As it often has in the past, the insular and totalitarian regime of North Korea is testing an American president.
Pyongyang taunted President Barack Obama’s predecessors with provocative missile launches. Now it has raised the ante by shelling a South Korean island, which caused four deaths and 18 injuries.
What is more, the new document drop from Wikileaks reveals another piece of the puzzle that Obama has known about since at least February: North Korea has reportedly supplied Iran with 19 powerful BM-25 missiles, which have a 2,000-mile range and could carry nuclear warheads as soon as Iran has them.
This reckless behavior presents Obama with the most severe foreign policy challenge of his young presidency.
Obama’s handling of Iran does not inspire confidence about his resolve. In 2009, he was reluctant to embrace Iran’s Green Revolution, the first legitimate and popular uprising against the current regime in years, initially stating, “We do not interfere in Iran’s internal affairs.” The Iranian government, which reportedly had already been supporting Iraqi insurgents against American forces, was emboldened to crush the protests.
Now we know that the Iranians were working with North Korea to arm themselves at almost the exact same time this happened.
The White House surely had its reasons for keeping secret the North Korea-Iran transaction. But Obama’s failure to act decisively on issues vital to national security has progressed from naive to dangerous.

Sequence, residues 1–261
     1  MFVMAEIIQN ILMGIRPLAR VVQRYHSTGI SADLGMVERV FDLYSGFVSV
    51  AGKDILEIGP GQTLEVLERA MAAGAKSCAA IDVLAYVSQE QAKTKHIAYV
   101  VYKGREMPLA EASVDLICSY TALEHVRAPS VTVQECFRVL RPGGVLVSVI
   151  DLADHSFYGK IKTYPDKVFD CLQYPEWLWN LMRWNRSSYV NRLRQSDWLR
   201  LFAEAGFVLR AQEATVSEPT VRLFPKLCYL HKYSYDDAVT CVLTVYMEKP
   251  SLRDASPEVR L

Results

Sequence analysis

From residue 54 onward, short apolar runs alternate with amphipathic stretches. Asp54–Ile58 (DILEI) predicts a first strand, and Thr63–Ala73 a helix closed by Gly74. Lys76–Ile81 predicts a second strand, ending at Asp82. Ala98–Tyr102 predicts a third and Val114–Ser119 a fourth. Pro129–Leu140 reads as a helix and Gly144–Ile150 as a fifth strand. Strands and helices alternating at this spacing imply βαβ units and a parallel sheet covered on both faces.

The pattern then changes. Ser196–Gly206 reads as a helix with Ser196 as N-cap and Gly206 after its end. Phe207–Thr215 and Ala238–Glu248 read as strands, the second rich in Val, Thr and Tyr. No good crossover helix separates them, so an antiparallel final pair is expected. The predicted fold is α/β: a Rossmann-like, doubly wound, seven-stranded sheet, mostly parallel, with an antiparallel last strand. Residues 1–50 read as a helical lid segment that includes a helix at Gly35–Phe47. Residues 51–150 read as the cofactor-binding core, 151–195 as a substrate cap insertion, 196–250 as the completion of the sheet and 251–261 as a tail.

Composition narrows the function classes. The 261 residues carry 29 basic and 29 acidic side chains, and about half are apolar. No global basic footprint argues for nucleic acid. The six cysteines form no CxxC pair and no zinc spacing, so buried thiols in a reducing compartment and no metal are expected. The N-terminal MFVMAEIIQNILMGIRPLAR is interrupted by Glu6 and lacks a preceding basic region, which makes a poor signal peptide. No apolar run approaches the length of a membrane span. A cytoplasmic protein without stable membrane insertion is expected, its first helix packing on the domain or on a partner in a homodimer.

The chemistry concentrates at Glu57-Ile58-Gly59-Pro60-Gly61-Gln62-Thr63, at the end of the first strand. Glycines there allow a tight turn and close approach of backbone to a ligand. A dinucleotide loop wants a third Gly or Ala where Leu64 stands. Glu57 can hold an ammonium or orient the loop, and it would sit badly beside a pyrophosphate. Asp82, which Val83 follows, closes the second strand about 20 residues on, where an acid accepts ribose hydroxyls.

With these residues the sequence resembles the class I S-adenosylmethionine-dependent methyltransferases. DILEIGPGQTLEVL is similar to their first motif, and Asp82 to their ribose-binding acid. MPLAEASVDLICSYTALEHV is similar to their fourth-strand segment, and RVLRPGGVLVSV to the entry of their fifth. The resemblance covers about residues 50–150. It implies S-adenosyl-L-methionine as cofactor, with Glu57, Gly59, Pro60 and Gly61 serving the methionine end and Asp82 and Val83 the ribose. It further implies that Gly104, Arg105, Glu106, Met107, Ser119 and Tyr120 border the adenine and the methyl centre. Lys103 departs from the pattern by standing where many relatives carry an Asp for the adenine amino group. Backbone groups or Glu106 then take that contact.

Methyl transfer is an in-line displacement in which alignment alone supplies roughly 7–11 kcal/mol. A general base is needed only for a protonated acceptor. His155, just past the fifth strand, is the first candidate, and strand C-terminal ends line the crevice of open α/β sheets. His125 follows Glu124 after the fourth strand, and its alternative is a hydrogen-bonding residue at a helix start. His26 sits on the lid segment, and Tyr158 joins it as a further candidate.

His apparent lack of backbone succeeded in emboldening both Iran and North Korea, and in the process he has put the United States in a position in which it might be compelled to use force. Instead of confronting the hard issues, the Obama administration wasted hours, days and months on trivialities such as civilian trials for terrorists and negotiating nuclear disarmament with a Russian government that has not been a threat to us for nearly two decades.
The Obama administration has twice pulled the USS George Washington back from the Yellow Sea since March out of deference to the Chinese, according to Michael Auslin of the American Enterprise Institute. Obama’s decision to dispatch it now may prove to be too little too late.
If the president wants North Korea to stand down, he will first have to stand up. Obama, who sought the presidency with promises to meet and negotiate with madmen such as Iran President Mahmoud Ahmadinejad, must now show some spine and give no ground to foreign bullies.
Obama must recognize that enemies such as Iran and North Korea speak only the language of power and pay no heed to finely tuned, professorial rhetoric.